Next-Generation Sequencing Techniques to Study HIV-1 Transcription and RNA Structure
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CitationTomezsko, Phillip. 2020. Next-Generation Sequencing Techniques to Study HIV-1 Transcription and RNA Structure. Doctoral dissertation, Harvard University, Graduate School of Arts & Sciences.
AbstractHIV-1 remains a global health challenge. New sequencing techniques and bioinformatic approaches are being developed to study key aspects of HIV-1 biology. I leveraged and developed innovative deep-sequencing approaches to advance our understanding of HIV-1 RNA structure and latency.
In Chapter 1, I will review the HIV-1 replication cycle. Special focus will be devoted to the roles that HIV-1 RNA structures play during replication. I will also review HIV-1 splicing and the current understating of its regulation. Understanding the splice pattern of HIV-1 is crucial to both projects, as it affects the interpretation of RNAseq data. I will then review the latest research on HIV-1 latency, which has been the focus of intense research.
Measuring RNA structure by chemical probing and deep sequencing is a complex technique that must be developed and adapted for each experimental system. In Chapter 2, the technical development of Dimethyl Sulfate (DMS)- Mutational Profiling and Sequencing (MaPseq) for HIV-1 infected cells and HIV-1 virions will be described.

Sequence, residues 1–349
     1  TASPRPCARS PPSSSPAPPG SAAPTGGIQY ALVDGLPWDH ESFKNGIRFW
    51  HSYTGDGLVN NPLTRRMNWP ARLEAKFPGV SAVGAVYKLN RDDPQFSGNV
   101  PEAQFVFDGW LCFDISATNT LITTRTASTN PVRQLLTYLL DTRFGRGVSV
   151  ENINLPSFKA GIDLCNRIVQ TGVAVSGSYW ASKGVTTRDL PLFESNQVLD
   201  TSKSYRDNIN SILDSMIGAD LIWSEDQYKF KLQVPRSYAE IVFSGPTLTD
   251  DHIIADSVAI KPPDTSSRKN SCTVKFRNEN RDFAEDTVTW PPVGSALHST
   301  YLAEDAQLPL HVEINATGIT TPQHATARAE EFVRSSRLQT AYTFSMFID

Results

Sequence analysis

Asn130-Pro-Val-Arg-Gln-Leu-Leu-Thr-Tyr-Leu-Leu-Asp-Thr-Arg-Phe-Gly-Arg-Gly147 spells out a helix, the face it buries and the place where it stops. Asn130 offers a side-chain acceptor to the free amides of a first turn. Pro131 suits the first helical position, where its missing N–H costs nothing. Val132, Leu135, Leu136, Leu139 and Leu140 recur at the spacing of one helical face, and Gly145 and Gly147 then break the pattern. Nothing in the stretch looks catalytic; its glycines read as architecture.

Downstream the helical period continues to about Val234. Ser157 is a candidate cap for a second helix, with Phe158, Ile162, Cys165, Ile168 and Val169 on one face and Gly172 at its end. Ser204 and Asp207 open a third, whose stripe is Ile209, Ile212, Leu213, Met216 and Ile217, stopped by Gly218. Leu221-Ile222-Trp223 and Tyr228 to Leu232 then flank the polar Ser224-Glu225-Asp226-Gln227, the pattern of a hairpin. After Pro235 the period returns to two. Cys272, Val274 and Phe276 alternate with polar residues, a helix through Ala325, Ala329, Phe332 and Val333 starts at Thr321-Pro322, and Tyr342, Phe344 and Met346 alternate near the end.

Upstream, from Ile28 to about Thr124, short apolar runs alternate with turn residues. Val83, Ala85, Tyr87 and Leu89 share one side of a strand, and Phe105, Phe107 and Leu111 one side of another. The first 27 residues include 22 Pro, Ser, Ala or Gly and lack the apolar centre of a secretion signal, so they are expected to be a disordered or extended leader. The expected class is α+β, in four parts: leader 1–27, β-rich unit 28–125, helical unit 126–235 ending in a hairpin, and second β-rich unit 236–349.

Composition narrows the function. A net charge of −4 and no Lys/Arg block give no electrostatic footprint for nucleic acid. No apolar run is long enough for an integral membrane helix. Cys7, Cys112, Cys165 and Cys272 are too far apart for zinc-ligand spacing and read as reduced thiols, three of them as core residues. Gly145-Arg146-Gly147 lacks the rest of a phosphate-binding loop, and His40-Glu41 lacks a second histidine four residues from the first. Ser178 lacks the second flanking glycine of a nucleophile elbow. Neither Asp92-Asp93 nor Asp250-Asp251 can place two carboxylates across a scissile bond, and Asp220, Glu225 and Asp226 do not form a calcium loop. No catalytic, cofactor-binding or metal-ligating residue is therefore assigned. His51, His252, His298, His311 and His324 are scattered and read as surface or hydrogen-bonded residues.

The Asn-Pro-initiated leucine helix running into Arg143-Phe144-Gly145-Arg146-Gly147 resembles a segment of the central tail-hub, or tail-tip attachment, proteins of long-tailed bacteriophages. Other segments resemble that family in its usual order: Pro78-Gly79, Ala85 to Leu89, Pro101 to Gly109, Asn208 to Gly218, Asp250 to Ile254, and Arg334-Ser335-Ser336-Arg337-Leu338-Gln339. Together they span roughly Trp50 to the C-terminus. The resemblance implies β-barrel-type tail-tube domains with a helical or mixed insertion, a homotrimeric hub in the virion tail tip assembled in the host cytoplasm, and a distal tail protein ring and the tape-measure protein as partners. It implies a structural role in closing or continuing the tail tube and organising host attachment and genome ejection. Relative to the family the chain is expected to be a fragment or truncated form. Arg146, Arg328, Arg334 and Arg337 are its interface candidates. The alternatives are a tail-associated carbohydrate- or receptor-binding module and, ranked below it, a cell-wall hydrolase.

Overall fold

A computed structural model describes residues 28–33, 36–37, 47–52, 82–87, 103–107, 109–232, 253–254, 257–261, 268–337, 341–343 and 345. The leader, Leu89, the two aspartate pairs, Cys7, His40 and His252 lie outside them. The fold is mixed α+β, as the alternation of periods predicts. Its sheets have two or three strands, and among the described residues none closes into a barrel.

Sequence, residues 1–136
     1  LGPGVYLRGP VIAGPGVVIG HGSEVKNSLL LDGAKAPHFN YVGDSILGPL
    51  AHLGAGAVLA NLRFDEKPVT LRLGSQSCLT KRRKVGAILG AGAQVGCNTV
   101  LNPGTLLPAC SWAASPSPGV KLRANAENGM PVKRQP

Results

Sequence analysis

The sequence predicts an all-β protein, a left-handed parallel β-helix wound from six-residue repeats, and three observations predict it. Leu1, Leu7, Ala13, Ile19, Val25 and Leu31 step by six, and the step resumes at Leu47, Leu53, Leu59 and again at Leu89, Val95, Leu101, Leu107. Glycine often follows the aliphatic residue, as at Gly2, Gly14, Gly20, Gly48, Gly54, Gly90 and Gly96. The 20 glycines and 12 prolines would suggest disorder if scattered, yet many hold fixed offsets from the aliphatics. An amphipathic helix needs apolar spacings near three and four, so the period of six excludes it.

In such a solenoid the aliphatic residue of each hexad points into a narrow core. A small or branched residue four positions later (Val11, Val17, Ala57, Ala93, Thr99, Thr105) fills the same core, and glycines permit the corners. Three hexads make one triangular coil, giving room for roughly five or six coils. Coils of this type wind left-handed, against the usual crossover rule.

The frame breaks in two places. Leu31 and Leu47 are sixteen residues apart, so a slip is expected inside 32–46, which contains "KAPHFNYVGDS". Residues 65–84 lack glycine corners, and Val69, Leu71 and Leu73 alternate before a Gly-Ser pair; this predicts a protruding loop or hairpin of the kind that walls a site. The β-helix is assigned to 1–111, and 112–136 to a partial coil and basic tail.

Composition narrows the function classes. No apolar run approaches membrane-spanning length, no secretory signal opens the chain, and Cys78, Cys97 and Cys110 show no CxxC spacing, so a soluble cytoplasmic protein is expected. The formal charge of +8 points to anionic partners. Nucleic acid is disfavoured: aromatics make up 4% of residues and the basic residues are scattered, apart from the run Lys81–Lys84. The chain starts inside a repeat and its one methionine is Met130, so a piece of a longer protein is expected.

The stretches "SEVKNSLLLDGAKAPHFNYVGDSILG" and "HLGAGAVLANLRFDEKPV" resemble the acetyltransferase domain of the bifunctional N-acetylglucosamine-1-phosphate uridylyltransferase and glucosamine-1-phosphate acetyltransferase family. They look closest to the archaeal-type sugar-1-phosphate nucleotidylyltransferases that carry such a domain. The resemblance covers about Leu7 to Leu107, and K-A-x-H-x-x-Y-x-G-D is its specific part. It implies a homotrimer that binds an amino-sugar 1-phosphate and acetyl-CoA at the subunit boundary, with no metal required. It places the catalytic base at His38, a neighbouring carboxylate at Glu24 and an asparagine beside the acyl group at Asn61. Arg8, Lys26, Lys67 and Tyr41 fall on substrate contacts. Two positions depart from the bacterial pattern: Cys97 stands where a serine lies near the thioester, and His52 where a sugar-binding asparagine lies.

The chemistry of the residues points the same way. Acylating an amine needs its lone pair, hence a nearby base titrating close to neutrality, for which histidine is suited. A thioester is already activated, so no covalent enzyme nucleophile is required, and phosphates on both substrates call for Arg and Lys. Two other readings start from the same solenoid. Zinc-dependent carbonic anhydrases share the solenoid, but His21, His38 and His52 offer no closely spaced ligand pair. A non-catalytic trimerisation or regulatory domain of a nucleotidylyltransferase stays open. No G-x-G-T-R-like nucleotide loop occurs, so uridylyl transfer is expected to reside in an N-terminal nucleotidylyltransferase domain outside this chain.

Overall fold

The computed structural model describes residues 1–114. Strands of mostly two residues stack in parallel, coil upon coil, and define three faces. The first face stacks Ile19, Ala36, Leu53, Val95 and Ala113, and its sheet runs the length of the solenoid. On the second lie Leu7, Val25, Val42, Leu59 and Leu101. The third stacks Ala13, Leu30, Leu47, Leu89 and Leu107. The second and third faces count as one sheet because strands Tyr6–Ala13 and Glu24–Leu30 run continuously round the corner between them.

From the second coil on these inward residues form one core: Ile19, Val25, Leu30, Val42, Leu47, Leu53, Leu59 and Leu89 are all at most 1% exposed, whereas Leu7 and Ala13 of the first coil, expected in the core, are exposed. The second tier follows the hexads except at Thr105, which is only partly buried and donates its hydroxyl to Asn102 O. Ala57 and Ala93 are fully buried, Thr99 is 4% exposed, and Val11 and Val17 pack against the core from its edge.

Few studies analyze intracellular RNA structure and no previous technique can measure alternate RNA structure in cells. To address these knowledge gaps, I utilized a novel alternate RNA structure detecting algorithm in conjunction with DMS-MaPseq. In Chapter 3, the use of this system to study the Rev response element (RRE) within cells, to identify novel RNA structures that regulate splicing, and to measure overall HIV-1 RNA structure heterogeneity will be presented and discussed.
The mechanisms that regulate HIV-1 transcriptional latency and reactivation remain incompletely understood. In Chapter 4, I will discuss our study that developed an enrichment-based RNAseq technique to study HIV-1 reversal of latency in response to a number of drug candidates. We were able to detect, measure, and quantify coverage across the HIV-1 genome despite the extreme rarity of HIV-1 RNA.
Finally, in Chapter 5, I will discuss how these techniques can be further used to advance the study of basic HIV-1 biology and how the techniques can be used to help develop better latency reversing agents. I will also speculate on the role that RNA structure may contribute to HIV-1 latency.
Citable link to this pagehttps://nrs.harvard.edu/URN-3:HUL.INSTREPOS:37365804
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